10 Nov 2007

Be Afraid, Be Very Afraid


The New York Times chronicles the frightening encounters of today’s typical urban wussies with THE COUNTRY.

When Evan Gotlib and his fiancée, Lindsey Pollack, bought a three-bedroom cottage surrounded by pine trees in rural Sharon, Conn., they couldn’t wait to flee their cramped Manhattan studio on weekends to spend their days dozing in a hammock and barbecuing on their brand new 42,000 B.T.U., 60-burger-capacity Weber grill.

But being city people, they did what anyone looking to “get away from it all” would do first, before they even spent the night: they paid $3,000 for a home-security system complete with motion detectors, a one-touch intercom that connects to fire and police dispatchers and an emergency hand-held remote-control device they could leave on the bedside table at night. “I know it sounds ridiculous now that I talk about it, but I just feel safer sleeping with the remote control,” Mr. Gotlib, a 32-year-old corporate sales director for Time Inc. Media Group, confessed, “because those deer are aggressive.”

For many urban sophisticates who trade the big city’s drunken crowds, blaring sirens and claustrophobic living spaces for bucolic second homes on weekends, the very solitude of mountains and forests that drew them in the first place can turn into a nerve-jangling — and sometimes costly — source of anxiety. As much as they adore their country houses, these harried homebodies quail at the thought of stepping out into the pitch-black night or meeting some wild animal or armed local in the woods.

Often their attempts at assuaging those fears are met with disbelief and ridicule from their more well-adjusted family members and friends.

“New York thinking applied to nature equals paranoia,” said Augusten Burroughs, the author of the memoir “Running with Scissors,” from his country house on the outskirts of Amherst, Mass., which he and his partner, Dennis Pilsits, built three years ago. Since then, Mr. Burroughs, 42, has poured several book advances into what he calls his “prison in the trees” in an effort to defend his rustic outpost “from nature in all its malicious glory.” This includes installing an $8,000 lightning protection system and spending $2,000 on various military-grade “tactical illumination devices” — flashlights — and even a pair of night-vision goggles, thanks to some terrifying encounters with nocturnal neighbors.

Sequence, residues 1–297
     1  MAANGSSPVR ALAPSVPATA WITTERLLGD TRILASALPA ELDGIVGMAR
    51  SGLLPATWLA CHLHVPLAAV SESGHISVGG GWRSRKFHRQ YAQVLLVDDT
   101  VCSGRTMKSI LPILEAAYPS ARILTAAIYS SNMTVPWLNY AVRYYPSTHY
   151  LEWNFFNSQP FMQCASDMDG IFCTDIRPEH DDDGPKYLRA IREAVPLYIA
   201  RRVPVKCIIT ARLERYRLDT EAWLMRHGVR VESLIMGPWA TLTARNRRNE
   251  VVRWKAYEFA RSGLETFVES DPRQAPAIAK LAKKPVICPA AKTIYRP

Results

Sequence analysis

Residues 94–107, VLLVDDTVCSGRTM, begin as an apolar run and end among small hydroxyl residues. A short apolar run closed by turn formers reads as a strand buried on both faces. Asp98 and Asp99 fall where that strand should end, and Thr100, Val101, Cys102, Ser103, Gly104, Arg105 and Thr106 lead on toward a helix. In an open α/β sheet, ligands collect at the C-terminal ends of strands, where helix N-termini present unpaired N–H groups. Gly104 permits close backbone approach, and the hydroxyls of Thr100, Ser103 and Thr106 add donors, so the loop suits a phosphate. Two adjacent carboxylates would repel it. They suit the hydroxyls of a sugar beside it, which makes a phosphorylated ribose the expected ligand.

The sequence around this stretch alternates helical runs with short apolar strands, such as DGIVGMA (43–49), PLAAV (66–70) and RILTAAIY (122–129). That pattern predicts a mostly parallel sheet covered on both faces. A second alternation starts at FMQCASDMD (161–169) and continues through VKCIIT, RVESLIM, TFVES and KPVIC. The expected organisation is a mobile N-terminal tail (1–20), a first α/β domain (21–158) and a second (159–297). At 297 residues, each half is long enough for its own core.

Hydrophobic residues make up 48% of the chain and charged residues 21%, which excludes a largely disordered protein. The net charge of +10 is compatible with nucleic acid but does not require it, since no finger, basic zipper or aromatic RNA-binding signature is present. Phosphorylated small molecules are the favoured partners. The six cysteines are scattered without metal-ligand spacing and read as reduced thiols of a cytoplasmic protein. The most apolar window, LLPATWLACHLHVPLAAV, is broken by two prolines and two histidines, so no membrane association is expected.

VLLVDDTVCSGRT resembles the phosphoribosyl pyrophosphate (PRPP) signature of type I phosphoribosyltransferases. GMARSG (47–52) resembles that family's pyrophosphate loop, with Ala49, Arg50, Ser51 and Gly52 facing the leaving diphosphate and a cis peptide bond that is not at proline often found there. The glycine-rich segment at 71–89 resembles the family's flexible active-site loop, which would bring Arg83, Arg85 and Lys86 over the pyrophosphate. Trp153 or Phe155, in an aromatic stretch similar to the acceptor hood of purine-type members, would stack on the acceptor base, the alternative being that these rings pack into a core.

Late one recent night, Mr. Burroughs had gone out to check the mailbox when he saw two green, glittering eyes, triangular ears “and the general impression of height” in the shadows. When the creature began to walk toward him, Mr. Burroughs ran into the garage, fearing for his life. “Our skinny, gym-polished urban bodies are no match for anything that scratches its back on a tree,” he said. “Whatever it was, it was both curious and unafraid — two traits one does not admire in wildlife when one is alone in the dark.”..

That hyper-vigilance is a normal reaction to the fear induced by the darkness and silence of the country, said Dr. Julie Holland, an assistant professor of psychiatry at the New York University School of Medicine, who owns a weekend home in Pawling, N.Y. “In the city, the street lights are on at 3 in the morning, and you have this sense that if you call the police or the front desk of your luxury high-rise someone will help you,” she said. “There is something inherently unnatural and vulnerable about humans being in social isolation, because out there no one can hear you scream.”

It took Dr. Holland and her husband, Jeremy Wolff, a photographer, a while to get over that anxiety. Even so, encounters with armed hunters are always unsettling, even for a seasoned second-home owner. After disturbing a camouflaged fellow in a tree during a family hike last autumn, Mr. Wolf wrote a letter to the hunting club that leases the land beside his, asking members to “please make sure your bullets don’t cross my property lines.”

And then there was the time he came across a shooting range on his neighbor’s land. So does Mr. Wolff, 48, think there is a difference between himself and the people who live in the country full time?

“I feel I’m more of an intellectual artist and they’re kind of machine people,” he said. “Everyone has their own backhoe up there, and their kids have A.T.V.’s and motorboats. And they all have guns, which scares me.”

Read the whole thing, and laugh.

Hat tip to Steve Bodio.

2 Feedbacks on "Be Afraid, Be Very Afraid"

Dominique R. Poirier

Let me express my surprise one minute!

I’m not easily afraid though I happen sometimes to have a feeling of insecurity that some might call fear.
I lived in crowded cities as in desert places and, as Augusten Burroughs, I have experienced living in a small town of Massachusetts for some years. Not only don’t I remember having ever been afraid of anything over there as anywhere else in the whole State, but, on the contrary, I have a recollection of a permanent and pleasurable feeling of safety I never had before and after that.

Is Augusten Burroughs paranoid or was I unconscious?

jon skier

This “Dan Levin” story was discredited and the guy was fied for making up quotes…


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